Summer Guide Cape Cod

Summer Guide Cape Cod 2019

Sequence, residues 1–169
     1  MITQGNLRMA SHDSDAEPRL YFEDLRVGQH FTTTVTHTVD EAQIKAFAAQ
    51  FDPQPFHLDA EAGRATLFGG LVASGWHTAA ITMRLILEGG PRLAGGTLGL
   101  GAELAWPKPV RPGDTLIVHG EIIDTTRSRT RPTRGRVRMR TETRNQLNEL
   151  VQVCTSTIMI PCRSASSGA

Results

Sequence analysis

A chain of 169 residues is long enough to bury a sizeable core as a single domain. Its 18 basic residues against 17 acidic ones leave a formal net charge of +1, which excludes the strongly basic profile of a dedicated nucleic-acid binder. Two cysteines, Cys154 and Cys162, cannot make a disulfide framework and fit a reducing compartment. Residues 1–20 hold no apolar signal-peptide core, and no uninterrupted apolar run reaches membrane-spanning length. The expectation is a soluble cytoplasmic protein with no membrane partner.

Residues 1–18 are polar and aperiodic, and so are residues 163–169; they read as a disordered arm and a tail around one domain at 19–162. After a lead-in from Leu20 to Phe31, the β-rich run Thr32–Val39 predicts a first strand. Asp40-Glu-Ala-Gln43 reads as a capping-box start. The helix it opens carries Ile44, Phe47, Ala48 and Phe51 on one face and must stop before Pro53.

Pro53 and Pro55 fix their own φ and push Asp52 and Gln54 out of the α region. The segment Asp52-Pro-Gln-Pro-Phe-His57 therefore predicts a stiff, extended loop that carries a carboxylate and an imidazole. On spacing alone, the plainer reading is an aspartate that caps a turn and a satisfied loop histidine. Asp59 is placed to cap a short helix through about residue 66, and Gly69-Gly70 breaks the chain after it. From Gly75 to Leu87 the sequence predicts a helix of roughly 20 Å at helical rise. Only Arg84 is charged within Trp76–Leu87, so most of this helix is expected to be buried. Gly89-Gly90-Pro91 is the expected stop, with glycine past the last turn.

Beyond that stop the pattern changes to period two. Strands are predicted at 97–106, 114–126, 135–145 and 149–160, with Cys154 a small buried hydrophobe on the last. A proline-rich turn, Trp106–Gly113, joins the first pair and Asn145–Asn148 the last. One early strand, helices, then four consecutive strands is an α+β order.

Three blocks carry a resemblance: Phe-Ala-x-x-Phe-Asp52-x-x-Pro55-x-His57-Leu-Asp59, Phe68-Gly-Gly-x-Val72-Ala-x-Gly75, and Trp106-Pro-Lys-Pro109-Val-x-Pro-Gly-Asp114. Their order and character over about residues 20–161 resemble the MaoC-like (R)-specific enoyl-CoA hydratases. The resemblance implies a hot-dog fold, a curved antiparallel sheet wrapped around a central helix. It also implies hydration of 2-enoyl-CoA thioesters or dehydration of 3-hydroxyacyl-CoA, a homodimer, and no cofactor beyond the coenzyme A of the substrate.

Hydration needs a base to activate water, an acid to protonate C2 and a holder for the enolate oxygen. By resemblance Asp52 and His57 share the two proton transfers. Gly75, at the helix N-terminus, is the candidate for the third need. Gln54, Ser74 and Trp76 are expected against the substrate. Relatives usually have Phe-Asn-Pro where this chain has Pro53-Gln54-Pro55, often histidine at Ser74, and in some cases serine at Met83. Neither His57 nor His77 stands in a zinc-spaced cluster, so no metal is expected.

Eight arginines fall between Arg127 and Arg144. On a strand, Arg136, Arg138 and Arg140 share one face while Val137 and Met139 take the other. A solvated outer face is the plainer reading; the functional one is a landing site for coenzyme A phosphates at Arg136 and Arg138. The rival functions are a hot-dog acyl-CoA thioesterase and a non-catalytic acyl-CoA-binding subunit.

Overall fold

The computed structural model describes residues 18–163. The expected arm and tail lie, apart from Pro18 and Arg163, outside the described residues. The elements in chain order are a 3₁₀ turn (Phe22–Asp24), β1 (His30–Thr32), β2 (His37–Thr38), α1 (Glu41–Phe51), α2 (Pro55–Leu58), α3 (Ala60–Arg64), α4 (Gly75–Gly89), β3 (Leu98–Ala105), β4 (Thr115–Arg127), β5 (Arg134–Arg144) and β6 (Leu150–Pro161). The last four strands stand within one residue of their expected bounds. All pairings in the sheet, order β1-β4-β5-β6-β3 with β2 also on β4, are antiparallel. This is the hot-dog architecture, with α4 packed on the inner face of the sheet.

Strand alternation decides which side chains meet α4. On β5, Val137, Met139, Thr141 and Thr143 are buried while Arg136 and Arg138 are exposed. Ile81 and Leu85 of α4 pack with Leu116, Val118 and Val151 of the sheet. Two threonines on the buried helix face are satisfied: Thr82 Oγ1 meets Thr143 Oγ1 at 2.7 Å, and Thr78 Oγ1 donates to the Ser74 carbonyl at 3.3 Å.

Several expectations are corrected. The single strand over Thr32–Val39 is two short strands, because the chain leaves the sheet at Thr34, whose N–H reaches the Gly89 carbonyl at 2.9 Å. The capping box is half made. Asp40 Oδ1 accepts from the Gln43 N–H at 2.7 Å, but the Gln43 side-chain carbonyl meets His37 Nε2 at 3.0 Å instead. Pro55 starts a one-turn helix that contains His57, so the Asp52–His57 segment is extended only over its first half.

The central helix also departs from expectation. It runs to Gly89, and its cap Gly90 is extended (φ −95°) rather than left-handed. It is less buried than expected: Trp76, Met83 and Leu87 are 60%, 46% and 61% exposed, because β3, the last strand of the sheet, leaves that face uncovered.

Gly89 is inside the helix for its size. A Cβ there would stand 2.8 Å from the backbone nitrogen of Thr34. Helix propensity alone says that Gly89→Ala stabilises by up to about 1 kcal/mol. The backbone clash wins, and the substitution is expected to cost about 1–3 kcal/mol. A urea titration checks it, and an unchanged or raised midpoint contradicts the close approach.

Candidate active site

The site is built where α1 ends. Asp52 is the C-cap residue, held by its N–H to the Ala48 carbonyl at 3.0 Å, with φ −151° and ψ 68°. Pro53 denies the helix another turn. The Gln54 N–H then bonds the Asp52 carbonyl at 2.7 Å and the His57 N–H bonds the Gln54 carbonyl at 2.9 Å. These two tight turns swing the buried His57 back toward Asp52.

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Page 60 of 147 59 On Main Street and beyond, Hyannis is known for its wonderful food festivals like Shuck, the annual oyster festival, which treats guests to a day of oysters, beer, clam chowder and live music. The Quahog Festival on the Hyan- nis Town Green, Main Street, which offers a raw bar, clam pies, stuffed quahogs and Ben & Jerry's ice cream. The Cape Cod Chowder Festival, at the Cape Cod Melody Tent on 21 West Main Street, lets guests sample different versions of chowder from many of the Cape's best restaurants, which are competing for the coveted "Chowder Bowl". Or enjoy the Scoops for Sloops all-you-can-eat ice cream fest held at Aselton Park at Hyannis Harbor to raise money for Sail Cape Cod's Adaptive Sailing and Com- munity Outreach programs. Visit www.hyannis. com for more information regarding all of these fantastic festivals. Finally, music lovers will enjoy listening to Hyannis's annual Pops by the Sea concert, an important fund raising event for the Arts Foun- dation of Cape Cod. The concert has taken place for over 30 years and features the Bos- ton Pops Esplanade Orchestra led by Conductor Keith Lockhart. This year's event will be August 11, rain or shine. YARMOUTH For tourists looking to go, go, go, the town of Yarmouth is a hotspot for outdoor activities. Land lovers are encouraged to take a walking tour of historic Yarmouth, either self-guided or one of the five offered guided tours, like the Captains' Mile, Village of Yarmouth Port, Old South Yarmouth & Bass River and more. Along the way, visitors will be able to see historic homes, many of which were owned by old sea captains, and other old pieces of architecture dating as far back as the 1600's. Jennifer Werner, Communications Director of the Yarmouth Chamber of Commerce, says one of the not-to-be-missed outdoor attrac- tions is the boardwalk at Grays Beach, which is at 400 Center Street, Yarmouth Port. The board- walk stretches over a salt marsh, giving visitors a chance to glimpse plant and marine life, and lands at Chapin Beach in Dennis. Here, when the tide goes out, small pools are left behind for children to explore. Hungry Guests are invited to savor Yar- mouth's clam chowder, one of the most sought- after meals in town. Some restaurants are re- gionally known for their chowder: The Skipper Restaurant & Chowder House at 152 South Shore Drive, South Yarmouth, and Captain Parker's Pub at 668 Route 28, West Yarmouth, "are number one and number two in New England," Werner says. "The Skipper actually has fried clam chowder, too." Yarmouth also offers a fall event called the Trolley Tour Taste of Yarmouth, where visitors board a trolley and "sample all the great offerings our restaurants have," Werner says. Participating restaurants prepare appetizer-sized meals so everyone can get a small taste of Yarmouth. Grays Beach Boardwalk Photo courtesy of Yarmouth Chamber of Commerce

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